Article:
[Beowulf] 96 cores in silent and small enclosure
hunteke at earlham.edu
Thu Apr 8 06:38:38 PDT 2010
At 12:57am -0400 Thu, 08 Apr 2010, Jonathan Aquilina wrote:
> i know there is non conductive water which if it gets on
> something shouldnt conduct electricity but how safe is a
> water cooled system?
As regards non-conductive water, you're correct: *pure* water has a very
high resistivity, something like 18 MΩ-cm. (Effectively, not conductive
for home-uses.) However, pure water has to be manufactured, and water
is also very good at dissolving and dispersing conductive ions. (Sugar
with tea, anyone?) So, it's still not smart to play with a toaster in
I have no experience with water cooled systems specifically, but I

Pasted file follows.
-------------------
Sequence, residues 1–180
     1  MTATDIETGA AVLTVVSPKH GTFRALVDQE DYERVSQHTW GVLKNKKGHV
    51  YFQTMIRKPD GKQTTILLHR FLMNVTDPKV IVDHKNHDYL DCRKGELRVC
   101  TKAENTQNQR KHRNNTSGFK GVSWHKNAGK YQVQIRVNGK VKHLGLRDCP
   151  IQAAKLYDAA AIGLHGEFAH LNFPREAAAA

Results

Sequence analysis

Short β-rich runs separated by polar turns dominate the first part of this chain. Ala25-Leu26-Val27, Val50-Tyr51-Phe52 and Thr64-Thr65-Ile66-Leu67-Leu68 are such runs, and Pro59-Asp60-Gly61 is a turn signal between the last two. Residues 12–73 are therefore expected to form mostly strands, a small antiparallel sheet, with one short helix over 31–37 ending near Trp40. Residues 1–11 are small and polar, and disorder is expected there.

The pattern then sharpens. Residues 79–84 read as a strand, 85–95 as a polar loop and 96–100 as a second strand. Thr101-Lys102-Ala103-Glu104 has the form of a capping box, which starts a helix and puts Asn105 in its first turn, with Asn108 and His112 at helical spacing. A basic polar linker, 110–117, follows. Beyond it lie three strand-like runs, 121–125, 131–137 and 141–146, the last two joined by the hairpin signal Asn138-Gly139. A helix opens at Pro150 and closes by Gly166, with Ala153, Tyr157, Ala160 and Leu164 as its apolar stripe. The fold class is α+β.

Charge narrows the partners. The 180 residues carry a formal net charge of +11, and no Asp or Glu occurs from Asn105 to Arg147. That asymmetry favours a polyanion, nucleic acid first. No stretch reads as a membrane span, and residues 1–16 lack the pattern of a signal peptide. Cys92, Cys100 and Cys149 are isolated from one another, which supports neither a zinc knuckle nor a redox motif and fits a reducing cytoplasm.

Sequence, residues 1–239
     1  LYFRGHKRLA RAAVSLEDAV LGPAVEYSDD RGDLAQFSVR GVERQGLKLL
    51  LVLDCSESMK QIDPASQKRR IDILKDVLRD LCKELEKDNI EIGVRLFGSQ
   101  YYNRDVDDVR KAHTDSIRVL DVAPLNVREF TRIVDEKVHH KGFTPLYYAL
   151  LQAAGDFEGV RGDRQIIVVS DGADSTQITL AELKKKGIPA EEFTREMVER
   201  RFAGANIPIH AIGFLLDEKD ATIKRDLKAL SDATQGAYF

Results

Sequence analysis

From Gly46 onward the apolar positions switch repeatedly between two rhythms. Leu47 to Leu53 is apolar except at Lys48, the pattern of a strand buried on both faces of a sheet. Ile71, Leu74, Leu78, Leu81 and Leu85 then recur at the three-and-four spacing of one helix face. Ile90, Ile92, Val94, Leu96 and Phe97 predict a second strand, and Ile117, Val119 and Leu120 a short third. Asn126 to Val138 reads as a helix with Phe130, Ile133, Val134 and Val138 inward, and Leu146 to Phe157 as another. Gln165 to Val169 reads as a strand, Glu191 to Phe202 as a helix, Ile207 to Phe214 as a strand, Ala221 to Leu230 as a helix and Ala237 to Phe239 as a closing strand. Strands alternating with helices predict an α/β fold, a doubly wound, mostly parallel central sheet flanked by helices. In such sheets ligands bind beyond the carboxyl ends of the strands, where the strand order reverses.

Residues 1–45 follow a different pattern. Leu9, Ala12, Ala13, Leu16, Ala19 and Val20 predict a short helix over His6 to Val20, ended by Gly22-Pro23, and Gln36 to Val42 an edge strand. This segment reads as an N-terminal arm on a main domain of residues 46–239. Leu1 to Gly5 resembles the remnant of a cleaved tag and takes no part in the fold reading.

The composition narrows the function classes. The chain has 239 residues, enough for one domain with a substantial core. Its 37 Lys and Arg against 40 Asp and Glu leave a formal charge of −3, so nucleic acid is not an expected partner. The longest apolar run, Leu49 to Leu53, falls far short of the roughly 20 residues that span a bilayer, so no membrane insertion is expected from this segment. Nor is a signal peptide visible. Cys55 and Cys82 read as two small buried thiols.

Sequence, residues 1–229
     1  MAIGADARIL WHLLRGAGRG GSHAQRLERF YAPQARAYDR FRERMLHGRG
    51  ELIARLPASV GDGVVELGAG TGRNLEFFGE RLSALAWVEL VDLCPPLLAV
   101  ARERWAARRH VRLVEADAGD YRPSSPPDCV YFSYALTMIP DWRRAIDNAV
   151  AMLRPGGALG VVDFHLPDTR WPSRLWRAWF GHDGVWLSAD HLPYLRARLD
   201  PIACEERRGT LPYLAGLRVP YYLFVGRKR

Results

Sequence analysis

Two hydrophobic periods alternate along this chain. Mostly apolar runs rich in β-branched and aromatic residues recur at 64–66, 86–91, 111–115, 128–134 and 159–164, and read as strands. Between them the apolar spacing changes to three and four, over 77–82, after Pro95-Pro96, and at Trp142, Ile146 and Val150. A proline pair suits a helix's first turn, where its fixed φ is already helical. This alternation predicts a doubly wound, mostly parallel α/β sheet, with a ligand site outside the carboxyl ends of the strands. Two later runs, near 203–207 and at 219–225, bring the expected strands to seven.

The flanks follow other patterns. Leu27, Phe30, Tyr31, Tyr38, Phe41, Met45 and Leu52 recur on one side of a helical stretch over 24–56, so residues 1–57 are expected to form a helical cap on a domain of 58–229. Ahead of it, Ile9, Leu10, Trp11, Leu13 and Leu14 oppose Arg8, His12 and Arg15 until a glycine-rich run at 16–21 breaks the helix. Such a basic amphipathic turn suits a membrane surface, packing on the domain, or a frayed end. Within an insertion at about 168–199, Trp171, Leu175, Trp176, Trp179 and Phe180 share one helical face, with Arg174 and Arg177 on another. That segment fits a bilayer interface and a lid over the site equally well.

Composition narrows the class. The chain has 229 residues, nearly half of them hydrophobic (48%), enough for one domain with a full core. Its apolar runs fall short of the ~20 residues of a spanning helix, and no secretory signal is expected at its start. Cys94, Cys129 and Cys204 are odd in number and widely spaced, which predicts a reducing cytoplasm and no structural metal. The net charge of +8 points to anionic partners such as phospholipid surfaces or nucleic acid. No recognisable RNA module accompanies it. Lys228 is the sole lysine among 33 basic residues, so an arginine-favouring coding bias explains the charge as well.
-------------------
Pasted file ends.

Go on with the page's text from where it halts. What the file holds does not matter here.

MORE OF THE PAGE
believe the point is to suck heat from the high-heat components, and not
to just willy-nilly douse your entire box in water. For instance, you
might replace the standard fan and heatsink on top of your CPU with a
waterblock. The water would then be pumped through tubing of some kind
to the waterblock (on top of the CPU), and back to a cooling radiator of
some kind. The water never leaves it's circuit, but still disperses
heat from the top of the chip in the socket.
How safe is it? I can't answer empirically (no experience), but in
theory it's just as safe as air. Water is never in contact with any
electrically charged object, and never leaves it's tubing channels.
More information about the Beowulf